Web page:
NEW YORK (Reuters) - Platinum fell 2 percent on Tuesday following news that striking platinum miners at South Africa's Lonmin (LONJ.J) mine accepted a pay offer that could have them returning to work on Thursday.
After trading mostly higher early in the session, the metal suddenly nose-dived over $50, or 3 percent, within 10 minutes in response to news of the agreement at Lonmin's Marikana mine.
The metal, mostly consumed as an autocatalyst, posted its largest two-day decline since March, as No. 1 producer Anglo American Platinum (AMSJ.J) also said it had resumed operations in the strike-hit Rustenburg area.
The fast-moving and somewhat unexpected news from South Africa, which holds more than 80 percent of the world's platinum reserves, pushed gold off its high and left bullion up slightly on the day.
"It takes out the premium because of a shortage caused by an immediate strike," said Frank McGhee, head precious metals trader at Integrated Brokerage Services LLC.
"The rally in platinum may be over now, at least for a while," he added.
Prior to the decline that started on Monday, platinum had rallied about 24 percent after a deadly August clash between Lonmin miners and police at the Marikana mine stoked supply worries.
Spot platinum dropped 2.2 percent to $1,623.75 an ounce by 2:32 p.m. EDT on Tuesday, having lost nearly 4.5 percent in the past two days.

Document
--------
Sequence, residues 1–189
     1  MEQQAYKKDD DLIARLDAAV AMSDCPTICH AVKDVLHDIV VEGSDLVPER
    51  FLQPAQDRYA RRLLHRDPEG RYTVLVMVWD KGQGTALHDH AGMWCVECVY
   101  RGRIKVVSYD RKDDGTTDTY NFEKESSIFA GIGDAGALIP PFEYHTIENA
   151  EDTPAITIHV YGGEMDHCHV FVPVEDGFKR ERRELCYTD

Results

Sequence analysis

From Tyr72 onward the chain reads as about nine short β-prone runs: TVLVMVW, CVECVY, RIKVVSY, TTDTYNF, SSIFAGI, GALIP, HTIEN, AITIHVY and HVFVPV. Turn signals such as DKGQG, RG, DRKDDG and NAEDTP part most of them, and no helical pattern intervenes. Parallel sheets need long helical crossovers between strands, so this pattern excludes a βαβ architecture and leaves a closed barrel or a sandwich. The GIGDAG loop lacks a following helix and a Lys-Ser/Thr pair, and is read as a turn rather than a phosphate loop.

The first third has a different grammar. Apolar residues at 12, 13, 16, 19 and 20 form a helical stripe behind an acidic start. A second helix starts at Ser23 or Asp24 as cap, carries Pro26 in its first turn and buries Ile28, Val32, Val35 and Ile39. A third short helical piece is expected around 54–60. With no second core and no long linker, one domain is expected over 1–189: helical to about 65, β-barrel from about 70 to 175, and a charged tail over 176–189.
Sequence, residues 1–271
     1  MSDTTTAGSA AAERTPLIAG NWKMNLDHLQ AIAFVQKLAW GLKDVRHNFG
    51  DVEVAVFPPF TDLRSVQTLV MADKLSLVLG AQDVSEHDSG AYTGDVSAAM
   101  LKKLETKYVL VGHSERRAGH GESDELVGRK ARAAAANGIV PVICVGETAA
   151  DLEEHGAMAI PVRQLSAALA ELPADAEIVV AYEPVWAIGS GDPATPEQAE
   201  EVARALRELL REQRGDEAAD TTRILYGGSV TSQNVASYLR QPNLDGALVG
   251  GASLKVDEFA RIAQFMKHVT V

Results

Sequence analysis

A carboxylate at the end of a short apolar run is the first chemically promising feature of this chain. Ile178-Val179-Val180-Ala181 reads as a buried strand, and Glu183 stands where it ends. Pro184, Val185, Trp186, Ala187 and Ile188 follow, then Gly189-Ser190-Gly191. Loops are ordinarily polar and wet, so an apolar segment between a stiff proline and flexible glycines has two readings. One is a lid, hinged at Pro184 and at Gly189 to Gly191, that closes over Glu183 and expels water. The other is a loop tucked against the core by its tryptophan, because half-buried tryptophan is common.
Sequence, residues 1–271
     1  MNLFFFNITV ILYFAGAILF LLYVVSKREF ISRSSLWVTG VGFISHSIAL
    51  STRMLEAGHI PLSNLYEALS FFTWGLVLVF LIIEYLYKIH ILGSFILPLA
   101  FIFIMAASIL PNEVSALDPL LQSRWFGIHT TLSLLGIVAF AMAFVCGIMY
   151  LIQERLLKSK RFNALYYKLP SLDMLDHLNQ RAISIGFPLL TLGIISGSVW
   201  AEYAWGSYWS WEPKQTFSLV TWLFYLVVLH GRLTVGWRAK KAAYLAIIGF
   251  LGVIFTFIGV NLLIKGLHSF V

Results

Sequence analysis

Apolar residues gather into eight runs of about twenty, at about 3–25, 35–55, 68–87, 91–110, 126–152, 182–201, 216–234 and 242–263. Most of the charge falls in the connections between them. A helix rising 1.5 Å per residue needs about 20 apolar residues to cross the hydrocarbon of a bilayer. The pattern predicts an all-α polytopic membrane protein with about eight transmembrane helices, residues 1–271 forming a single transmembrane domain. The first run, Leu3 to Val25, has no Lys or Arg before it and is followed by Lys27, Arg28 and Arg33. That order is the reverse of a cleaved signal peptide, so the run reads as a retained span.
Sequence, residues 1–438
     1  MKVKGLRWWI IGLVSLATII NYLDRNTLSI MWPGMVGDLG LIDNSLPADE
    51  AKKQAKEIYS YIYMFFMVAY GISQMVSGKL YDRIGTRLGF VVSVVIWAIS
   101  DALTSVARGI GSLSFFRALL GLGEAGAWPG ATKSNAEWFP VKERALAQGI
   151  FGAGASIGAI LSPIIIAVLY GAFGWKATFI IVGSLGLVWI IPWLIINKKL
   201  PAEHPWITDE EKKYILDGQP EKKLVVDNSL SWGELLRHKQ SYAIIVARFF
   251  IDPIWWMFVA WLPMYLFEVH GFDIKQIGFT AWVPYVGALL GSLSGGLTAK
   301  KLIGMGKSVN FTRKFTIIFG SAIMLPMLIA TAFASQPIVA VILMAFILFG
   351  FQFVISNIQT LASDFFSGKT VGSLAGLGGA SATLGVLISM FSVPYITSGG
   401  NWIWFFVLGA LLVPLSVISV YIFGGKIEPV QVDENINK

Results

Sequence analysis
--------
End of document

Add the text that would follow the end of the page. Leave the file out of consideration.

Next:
Turnover was high in U.S. platinum futures. Trading volume of all NYMEX contract months was near 22,000 lots, about 30 percent over its 30-day average, preliminary Reuters data showed.
Analysts said that platinum prices are vulnerable to a pullback due to sluggish global industrial demand, but lingering labor issues with the South African mining sector should underpin prices.
Palladium was down 1.7 percent at $661.75 an ounce.
After initially rising near its six-month high, gold ended slightly higher, rebounding from the previous session which was weighed down by plummeting crude oil futures.
Spot gold rose 0.3 percent to $1,765.95 an ounce.
U.S. COMEX gold futures for December delivery settled 60 cents higher at $1,771.20 an ounce, with volume about 10 percent over its 30-day average.
Analysts said that gold's gains were checked by caution over the effectiveness of the U.S. Federal Reserve's third round of bond buying, known as quantitative easing. The news sent gold to a fourth consecutive weekly rise last week.
On Tuesday, Chicago Fed President Charles Evans said the U.S. central bank will likely move to keep monthly bond buys at its current $85 billion pace into the new year, even after a program accounting for about half of that expires at the end of 2012.
Silver rose 1.1 percent to $34.57 an ounce.
Additional reporting by Jan Harvey in London; Editing by Dale Hudson and Bob Burgdorfer